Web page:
Minnesota Prints and Printmakers, 1900-1945

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Minnesota Historical Society, 2009 - Art - 194 pages
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Prior to World War I, printmaking in the United States was, with a few exceptions, primarily the domain of commercial enterprises that produced largely picturesque European scenes or depictions of popular towns on the East Coast. Prints of Minnesota scenes, especially by Minnesota artists, formed a very small part of American art exhibits.
Robert Crump relates the fascinating story of Minnesota's graphic arts world and its growth from provincialism to part of a national movement, showing how art printing--etchings, woodcuts, lithographs, drypoints, monotypes, and silk screens--blossomed after the turn of the last century. He chronicles the support of the federal government during the 1930s and the important role played by local organizations such as the Minneapolis Institute of Art, the Walker Art Center, and the Minneapolis School of Art (now the Minneapolis College of Art and Design).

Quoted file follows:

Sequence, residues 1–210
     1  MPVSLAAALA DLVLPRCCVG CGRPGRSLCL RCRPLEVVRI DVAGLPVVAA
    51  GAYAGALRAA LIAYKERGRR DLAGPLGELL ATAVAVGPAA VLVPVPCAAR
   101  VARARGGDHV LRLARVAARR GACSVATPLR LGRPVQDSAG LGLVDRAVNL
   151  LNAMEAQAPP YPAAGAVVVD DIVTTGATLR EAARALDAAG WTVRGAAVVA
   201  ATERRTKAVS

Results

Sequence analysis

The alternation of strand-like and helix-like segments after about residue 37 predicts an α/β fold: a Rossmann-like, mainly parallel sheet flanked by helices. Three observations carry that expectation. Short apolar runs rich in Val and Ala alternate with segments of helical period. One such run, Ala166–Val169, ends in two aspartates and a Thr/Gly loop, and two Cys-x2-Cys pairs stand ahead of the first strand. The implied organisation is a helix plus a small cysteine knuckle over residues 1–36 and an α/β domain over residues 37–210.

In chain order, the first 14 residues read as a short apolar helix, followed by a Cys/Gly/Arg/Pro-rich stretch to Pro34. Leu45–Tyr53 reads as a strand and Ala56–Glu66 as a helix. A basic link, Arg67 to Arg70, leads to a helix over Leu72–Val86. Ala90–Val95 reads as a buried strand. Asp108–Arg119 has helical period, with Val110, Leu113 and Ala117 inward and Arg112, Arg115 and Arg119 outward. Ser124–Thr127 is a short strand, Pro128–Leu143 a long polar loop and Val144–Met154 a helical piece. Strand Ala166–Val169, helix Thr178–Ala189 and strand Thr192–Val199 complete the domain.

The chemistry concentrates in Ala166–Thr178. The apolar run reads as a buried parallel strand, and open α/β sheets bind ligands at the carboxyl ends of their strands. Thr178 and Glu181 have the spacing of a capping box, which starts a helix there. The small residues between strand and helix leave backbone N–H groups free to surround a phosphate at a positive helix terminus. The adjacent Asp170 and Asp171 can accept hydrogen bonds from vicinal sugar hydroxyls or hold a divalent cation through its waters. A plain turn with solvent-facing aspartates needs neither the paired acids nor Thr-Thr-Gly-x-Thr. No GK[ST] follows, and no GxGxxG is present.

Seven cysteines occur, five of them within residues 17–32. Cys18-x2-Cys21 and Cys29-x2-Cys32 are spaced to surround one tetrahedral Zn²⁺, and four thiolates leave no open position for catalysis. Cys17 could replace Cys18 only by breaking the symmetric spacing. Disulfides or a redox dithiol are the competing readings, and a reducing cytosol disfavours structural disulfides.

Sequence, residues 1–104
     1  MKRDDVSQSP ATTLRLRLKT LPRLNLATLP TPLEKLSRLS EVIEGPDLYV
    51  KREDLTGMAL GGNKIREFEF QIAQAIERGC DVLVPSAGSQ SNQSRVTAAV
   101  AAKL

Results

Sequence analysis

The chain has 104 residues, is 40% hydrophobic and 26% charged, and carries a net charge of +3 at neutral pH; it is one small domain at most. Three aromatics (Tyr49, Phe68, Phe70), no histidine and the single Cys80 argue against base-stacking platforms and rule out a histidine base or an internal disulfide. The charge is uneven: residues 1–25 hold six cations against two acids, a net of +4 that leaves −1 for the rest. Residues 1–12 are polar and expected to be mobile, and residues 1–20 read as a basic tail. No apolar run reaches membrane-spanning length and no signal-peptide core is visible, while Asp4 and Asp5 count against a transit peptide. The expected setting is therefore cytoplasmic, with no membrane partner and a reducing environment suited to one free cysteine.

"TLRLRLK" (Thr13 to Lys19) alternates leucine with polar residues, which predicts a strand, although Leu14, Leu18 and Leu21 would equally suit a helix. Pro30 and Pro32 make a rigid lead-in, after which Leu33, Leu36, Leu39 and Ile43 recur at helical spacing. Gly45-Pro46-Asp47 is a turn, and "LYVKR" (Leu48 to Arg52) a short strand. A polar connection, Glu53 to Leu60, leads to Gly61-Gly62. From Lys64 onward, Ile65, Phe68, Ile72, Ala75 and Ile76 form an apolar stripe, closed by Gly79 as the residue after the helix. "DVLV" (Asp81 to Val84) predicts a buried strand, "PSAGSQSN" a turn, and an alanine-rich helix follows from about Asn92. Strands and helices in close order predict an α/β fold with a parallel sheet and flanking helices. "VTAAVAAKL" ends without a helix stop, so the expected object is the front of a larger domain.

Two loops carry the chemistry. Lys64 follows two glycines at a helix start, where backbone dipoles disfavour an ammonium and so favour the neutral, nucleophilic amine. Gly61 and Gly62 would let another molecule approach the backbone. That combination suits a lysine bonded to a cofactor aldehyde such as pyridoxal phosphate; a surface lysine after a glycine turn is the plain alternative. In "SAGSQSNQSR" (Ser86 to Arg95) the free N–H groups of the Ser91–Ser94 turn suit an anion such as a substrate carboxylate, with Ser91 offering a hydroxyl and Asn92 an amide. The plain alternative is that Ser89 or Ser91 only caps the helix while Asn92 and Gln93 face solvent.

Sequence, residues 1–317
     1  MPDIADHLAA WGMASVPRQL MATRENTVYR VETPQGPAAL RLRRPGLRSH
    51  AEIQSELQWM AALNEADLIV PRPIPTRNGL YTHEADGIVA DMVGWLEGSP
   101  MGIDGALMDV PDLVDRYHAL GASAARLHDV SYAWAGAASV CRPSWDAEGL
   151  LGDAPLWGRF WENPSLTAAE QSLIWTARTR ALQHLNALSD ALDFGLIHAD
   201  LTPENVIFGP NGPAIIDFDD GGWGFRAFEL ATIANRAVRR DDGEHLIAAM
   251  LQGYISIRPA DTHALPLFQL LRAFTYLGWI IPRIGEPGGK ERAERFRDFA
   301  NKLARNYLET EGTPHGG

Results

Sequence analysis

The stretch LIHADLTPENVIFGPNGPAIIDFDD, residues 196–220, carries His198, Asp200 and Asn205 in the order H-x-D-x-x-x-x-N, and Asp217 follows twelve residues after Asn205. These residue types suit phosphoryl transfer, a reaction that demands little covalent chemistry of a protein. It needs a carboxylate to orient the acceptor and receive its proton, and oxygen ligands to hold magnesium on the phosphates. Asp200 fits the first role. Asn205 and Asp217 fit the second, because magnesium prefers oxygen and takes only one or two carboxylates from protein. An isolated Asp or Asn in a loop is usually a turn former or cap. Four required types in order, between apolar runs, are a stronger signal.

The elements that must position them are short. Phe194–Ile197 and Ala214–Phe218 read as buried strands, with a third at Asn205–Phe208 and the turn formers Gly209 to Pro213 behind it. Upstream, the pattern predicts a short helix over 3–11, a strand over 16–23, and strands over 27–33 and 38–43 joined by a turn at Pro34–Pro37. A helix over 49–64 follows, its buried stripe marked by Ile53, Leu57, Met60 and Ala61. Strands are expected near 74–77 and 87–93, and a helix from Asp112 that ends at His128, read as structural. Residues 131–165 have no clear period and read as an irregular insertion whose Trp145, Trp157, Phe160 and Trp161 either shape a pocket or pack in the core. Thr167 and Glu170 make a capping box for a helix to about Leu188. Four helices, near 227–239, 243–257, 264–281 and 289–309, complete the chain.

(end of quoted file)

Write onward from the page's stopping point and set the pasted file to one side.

Minnesota Prints and Printmakers offers short biographies of and sample prints by nearly two hundred printmakers, including Wanda Gag, Adolf Dehn, George Resler, Miriam Ibling, Syd Fossum, Gilbert Fletcher, and Gustav Goetsch. Crump's eye for memorable images makes the handsome volume a pleasure to behold for collectors and readers interested in Minnesota art. Notes on printing techniques and several appendixes help newcomers appreciate the challenges of printmaking.  

Robert L. Crump is a print collector and former superintendent of the Minnesota State Fair Fine Arts Exhibition. He has been a designer and an art director for companies in Minneapols and the Midwest.  

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